Ron Paul was well prepared and had answers ready, but not to any of the questions King asked. Paul’s anti-federal government stances were refreshing for constitutionalists and will certainly inspire his libertarian base, but he is sure to lose any liberal who opposes entitlement reform this time around. Right?

No single winner in this debate. However, Romney, Pawlenty, Gingrich and Bachmann certainly helped themselves. I don’t think this debate will give Paul, Cain or Santorum as much boost in this race.

Kempite:

While John King proved himself to be a horrible moderator with obvious political biases that he can’t contain himself from at least subtly projecting, the seven G.O.P. presidential debate participants proved to be an assemblage of promising leaders, even if they did not all prove themselves to be presidential material.

In the final analysis, the only standard by which you can arrive at winners or losers in presidential debates is the one that shows a particular candidate helped or hurt their chances to get elected. None of the seven debate participants did anything to hurt their chances but none of them performed in a way, or said anything that significantly improved their chances of getting elected. Under those circumstances, as the frontrunner going into the debate, Mitt Romney comes out as the winner of the debate.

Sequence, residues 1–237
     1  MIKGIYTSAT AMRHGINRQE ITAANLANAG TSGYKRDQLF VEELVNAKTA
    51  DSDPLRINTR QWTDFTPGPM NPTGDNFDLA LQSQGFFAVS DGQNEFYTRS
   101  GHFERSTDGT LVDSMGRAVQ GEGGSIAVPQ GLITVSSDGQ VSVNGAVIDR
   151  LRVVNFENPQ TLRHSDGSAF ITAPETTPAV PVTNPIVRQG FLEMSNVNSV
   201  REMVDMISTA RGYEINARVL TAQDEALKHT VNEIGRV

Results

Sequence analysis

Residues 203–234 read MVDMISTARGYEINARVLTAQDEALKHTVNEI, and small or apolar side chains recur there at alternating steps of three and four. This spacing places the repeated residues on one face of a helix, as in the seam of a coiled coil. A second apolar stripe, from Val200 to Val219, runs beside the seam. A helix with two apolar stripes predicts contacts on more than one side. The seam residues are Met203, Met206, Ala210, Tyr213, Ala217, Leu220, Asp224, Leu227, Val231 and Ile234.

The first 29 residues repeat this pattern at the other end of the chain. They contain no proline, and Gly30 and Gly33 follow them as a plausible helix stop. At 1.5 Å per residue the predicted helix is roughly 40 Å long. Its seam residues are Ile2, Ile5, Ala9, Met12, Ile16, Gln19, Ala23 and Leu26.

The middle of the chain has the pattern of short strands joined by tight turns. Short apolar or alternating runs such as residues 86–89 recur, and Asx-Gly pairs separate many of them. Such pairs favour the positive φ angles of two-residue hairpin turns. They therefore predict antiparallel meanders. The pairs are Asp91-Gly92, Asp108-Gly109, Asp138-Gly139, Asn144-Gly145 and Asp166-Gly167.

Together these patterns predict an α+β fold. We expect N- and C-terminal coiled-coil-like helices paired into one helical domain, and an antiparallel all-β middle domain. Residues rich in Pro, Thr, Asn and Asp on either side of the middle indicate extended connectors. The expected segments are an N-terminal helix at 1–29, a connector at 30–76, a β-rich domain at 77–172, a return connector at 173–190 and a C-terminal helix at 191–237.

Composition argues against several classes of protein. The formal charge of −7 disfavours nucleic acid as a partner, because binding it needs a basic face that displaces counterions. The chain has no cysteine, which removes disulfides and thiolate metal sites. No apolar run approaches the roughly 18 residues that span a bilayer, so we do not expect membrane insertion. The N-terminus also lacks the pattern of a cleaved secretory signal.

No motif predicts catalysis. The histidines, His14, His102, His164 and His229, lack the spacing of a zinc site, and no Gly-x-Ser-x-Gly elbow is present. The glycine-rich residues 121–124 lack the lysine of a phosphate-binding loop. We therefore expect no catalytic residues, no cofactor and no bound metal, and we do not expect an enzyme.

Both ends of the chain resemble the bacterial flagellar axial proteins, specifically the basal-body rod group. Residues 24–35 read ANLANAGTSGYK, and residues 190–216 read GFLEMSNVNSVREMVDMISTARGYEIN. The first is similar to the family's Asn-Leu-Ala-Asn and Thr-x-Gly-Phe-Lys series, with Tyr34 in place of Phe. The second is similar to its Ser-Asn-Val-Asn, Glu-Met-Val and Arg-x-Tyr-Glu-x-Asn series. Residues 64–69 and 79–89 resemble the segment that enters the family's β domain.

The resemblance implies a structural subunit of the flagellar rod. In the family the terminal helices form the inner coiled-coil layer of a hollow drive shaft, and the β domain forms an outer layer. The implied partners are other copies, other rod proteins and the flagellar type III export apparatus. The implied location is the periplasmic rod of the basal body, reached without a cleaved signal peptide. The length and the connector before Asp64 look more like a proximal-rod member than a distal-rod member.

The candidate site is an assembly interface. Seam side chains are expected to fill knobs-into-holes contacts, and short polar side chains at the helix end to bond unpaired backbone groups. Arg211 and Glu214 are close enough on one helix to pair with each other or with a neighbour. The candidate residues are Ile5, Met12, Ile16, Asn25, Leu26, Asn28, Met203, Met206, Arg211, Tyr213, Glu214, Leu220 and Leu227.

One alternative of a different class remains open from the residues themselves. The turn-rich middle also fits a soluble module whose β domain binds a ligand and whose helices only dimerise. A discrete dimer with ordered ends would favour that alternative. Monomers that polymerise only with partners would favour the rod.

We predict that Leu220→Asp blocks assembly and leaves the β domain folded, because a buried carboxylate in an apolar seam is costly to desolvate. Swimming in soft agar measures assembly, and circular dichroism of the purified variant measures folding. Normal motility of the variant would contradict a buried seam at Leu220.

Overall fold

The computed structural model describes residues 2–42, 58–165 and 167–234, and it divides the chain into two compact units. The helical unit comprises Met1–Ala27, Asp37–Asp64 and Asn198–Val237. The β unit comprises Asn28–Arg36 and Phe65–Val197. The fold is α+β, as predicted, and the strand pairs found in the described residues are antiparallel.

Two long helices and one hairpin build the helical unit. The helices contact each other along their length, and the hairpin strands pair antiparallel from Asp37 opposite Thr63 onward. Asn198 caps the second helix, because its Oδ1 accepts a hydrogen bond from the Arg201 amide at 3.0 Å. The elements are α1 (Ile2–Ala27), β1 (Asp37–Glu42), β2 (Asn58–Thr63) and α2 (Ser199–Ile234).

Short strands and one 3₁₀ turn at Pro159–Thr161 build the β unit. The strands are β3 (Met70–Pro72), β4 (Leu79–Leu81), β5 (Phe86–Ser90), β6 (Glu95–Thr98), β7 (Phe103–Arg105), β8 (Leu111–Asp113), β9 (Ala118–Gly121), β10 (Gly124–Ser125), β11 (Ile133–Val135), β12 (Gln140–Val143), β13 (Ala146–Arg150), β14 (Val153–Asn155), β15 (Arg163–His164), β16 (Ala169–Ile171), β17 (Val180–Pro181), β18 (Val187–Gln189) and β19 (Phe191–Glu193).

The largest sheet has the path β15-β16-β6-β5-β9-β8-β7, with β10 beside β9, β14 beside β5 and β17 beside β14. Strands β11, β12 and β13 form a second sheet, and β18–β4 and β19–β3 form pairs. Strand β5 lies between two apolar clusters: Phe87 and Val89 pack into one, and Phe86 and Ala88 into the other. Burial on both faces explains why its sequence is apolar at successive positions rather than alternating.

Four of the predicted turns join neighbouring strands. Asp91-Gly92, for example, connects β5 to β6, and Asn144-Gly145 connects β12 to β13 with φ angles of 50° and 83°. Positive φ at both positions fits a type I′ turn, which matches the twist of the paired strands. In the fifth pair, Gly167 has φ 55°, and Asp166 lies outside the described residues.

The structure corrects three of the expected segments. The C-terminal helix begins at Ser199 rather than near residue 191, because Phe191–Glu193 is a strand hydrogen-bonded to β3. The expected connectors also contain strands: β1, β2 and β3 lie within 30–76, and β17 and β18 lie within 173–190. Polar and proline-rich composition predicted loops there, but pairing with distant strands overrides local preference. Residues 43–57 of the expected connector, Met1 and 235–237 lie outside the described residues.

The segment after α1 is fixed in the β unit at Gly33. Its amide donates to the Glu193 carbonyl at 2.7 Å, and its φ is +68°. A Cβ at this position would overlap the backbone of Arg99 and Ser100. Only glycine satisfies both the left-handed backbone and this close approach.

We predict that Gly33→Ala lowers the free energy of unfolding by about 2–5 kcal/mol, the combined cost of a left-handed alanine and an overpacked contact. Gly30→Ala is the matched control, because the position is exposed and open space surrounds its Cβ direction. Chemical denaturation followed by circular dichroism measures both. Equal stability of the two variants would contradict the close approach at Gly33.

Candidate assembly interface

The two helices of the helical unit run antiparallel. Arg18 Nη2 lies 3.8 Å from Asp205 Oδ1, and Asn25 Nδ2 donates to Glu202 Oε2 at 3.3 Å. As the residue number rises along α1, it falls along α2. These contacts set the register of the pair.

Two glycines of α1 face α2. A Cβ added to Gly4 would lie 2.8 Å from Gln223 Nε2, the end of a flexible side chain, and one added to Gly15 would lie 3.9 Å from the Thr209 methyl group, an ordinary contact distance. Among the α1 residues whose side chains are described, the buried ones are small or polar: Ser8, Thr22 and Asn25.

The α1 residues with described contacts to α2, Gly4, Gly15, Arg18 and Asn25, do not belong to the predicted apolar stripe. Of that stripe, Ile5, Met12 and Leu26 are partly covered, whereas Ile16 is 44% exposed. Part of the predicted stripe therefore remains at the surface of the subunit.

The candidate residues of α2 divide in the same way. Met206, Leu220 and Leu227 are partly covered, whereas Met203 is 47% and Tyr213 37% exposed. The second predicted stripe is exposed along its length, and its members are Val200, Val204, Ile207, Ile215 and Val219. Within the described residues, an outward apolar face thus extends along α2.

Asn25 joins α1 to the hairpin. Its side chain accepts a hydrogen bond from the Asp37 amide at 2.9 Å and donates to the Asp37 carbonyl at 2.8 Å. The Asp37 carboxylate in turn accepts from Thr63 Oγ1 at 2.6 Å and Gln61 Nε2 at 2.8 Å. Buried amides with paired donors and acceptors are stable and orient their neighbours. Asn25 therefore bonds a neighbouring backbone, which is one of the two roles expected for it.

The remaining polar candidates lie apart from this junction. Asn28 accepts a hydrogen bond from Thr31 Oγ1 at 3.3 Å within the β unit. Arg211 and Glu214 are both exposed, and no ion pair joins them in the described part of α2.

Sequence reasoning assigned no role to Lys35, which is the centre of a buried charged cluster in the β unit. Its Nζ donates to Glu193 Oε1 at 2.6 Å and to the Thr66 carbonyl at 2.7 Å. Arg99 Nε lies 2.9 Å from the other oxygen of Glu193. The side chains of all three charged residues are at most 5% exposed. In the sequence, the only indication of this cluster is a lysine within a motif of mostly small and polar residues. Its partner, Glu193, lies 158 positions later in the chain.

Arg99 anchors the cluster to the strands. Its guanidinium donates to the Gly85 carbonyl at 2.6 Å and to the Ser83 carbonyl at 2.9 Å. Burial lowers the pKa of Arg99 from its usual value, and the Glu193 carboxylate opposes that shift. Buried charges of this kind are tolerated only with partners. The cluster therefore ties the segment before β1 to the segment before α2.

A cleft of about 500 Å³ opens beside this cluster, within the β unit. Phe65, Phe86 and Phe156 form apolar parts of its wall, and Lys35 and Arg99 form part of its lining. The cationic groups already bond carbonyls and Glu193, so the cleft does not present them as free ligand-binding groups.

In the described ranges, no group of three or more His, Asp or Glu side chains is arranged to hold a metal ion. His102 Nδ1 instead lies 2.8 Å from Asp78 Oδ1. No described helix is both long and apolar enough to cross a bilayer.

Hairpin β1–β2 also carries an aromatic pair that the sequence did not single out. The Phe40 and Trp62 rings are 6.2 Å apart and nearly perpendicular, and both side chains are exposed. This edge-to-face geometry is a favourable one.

If there was a trophy for second place, Michele Bachmann’s overall performance earned it for her.

Bachmann was strong and whether enough voters currently think she electable or not, they have now been forced to give her chance and with that chance, Bachmann has more control of her electoral destiny than do others like Ron Paul, who seems to be unable to run a campaign that can appeal to more than 10 or 12 percent of the Republican presidential electorate.

Tim Pawlenty, and Rick Santorum held there own but that is not good enough for either one of them. They need to begin inspiring more voters and fast. Herman Cain underperformed in that sense that he is a much more electrifying speaker than he showed himself in the debate. And as for New Gingrich, at times he seemed out of place and like Herman Cain, I believe he underperformed. However it is important to note that in my opinion, even an underreporting Herman Cain or Newt Gingrich still performs better than President Obama and would get my vote

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Republican Debate Had a Clear Loser…… CNN’s John King